- The Contents
- Regular Sections
- About us
- Misyon Forum
Is it alright if I skip Sunday Mass and just have my own personal reflection during the height of winter when it is extremely cold if I have no means of transport? (The question came from a Filipino studying in the USA but the situation is representative of many others, eg, having to travel, having to deal with an emergency such as the illness of someone in the family, etc).
I remember an incident when I was still at school. My father was the breadwinner and out the whole day working on a construction site while my mother was a housewife, taking care of everything at home. In those days there was clarity about roles in the family and there was nothing ‘second class’ about being a housewife, certainly not in our home. Both my parents took a quiet pride in their roles and work.
Every morning after coming home from Mass and before going to work my father would prepare my mother’s breakfast and bring it to her in bed. (Many consider breakfast in bed a luxury. I connect it only with hospitals and illness!) Without fail, my mother would have my father’s dinner ready for him when he came home in the evening. She, my brother and I used to have our mail meal at lunch time, the practice in those days.
One evening my mother was quite upset because she didn’t have my father’s dinner ready on time. Something had turned up and delayed her but she felt a real sense of kahiya. However, my father just laughed and wasn’t in the least upset. He knew that every single day of his married life my mother, his wife, had his dinner ready on time, except when she was sick. This was one of the ways she showed her love for him, just as he did by preparing her breakfast every morning, even when relations were a little strained.
If, on the other hand, my mother had seldom prepared my father’s dinner, even though he worked to bring home the money to buy the food, he might have had reason to question her love for him. But that was not the case. So on the one evening in his married life that his dinner wasn’t ready when he came home he happily waited and smiled.
I think that the way my father acted reflects how God the Father looks on us. When our normal practice is to make Sunday Mass central to our lives – and in my father’s case it was central to his daily life – when we miss it on occasion for a serious reason God understands.
We have a serious obligation to take part in Sunday Mass. Canon 1247 reads:
On Sundays and other holy days of obligation the faithful are bound to participate in the Mass; they are also to abstain from those labors and business concerns which impede the worship to be rendered to God, the joy which is proper to the Lord's Day, or the proper relaxation of mind and body. (Canon Law is the Church’s body of laws)
Canon 1248 reads: 1. The precept of participating in the Mass is satisfied by assistance at a Mass which is celebrated anywhere in a Catholic rite either on the holy day or on the evening of the preceding day.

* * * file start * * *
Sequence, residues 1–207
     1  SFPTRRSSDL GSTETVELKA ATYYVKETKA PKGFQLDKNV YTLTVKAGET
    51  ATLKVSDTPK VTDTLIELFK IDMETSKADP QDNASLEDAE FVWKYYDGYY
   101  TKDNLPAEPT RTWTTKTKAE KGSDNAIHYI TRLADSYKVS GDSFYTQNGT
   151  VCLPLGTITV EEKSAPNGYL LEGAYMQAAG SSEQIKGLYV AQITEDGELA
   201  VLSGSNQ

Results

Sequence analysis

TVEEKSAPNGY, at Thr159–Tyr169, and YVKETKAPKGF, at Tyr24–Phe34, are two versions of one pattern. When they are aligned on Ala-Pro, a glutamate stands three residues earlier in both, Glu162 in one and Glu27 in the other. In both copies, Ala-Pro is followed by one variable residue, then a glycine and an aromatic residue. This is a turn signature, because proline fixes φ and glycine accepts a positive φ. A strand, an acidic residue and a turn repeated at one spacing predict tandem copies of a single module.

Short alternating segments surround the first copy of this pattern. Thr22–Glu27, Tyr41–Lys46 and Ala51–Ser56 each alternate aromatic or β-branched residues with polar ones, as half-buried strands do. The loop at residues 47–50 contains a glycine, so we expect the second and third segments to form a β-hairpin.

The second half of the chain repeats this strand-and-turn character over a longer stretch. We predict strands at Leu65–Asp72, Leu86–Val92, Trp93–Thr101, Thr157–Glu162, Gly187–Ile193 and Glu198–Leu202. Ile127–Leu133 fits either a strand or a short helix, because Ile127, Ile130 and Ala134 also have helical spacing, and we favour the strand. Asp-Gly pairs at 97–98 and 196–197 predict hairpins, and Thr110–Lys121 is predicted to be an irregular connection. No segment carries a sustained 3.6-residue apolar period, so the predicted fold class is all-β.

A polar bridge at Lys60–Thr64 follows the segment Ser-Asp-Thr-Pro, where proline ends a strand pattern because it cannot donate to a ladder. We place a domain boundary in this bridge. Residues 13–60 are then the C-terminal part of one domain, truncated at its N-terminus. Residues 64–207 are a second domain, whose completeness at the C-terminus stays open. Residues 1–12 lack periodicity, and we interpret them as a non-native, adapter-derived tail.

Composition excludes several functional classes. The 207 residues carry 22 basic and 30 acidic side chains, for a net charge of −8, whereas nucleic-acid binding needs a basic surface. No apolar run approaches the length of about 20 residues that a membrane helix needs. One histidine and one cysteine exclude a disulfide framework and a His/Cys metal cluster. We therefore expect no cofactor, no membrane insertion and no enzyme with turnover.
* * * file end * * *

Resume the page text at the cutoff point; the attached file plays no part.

2. If because of lack of a sacred minister or for other grave cause participation in the celebration of the Eucharist is impossible, it is specially recommended that the faithful take part in the liturgy of the word if it is celebrated in the parish church or in another sacred place according to the prescriptions of the diocesan bishop, or engage in prayer for an appropriate amount of time personally or in a family or, as occasion offers, in groups of families.
Here in the Philippines many places where there is no Sunday Mass have a liturgy of the word led by a lay person. The readings of the Sunday or holyday are read and sometimes a homily prepared by the bishop or priest is read also.
In the spirit of Canon 1248, 2, I would think that when you can’t go out to Mass a time of personal reflection and prayer should be set aside for the Lord. If there is Mass on TV or on the radio the person could tune in and be there in spirit.
I often wonder if Filipinos who employ domestic staff or who own businesses give proper time off to their workers to attend Mass. Since the obligation applies to all Catholics I would think that Catholic employers in particular have a serious responsibility to enable their staff to be free for Mass, though they can’t force them to go. They also have a serious obligation in justice to give their workers proper free time, apart from the question of Sunday Mass. Employers who deny their workers their right to their own time commit a serious sin against justice.
When we participate in Holy Mass we listen to God’s word being solemnly proclaimed to the community and, when we are free from mortal sin, that is sin involving grave matter, full knowledge that it is wrong and full consent, we can and should receive the Body of Christ in Holy Communion. We can hear the word of God proclaimed when we view Mass on TV or listen to it on the radio, but we cannot receive the Body of Christ.
Under ‘Sunday Reflections’ in our Online Forum we carry these two quotations: ‘We cannot live without Sunday’: Martyrs of Abitene, Italy, AD304. 'Without Sunday, without the Eucharist, the Christians in Iraq cannot survive': Fr Ragheed Aziz Ganni, Martyr of Iraq, 3 June 2007.
Here is a recording of Father Ragheed singing a hymn to our Blessed Mother, used as a background to a video of his funeral.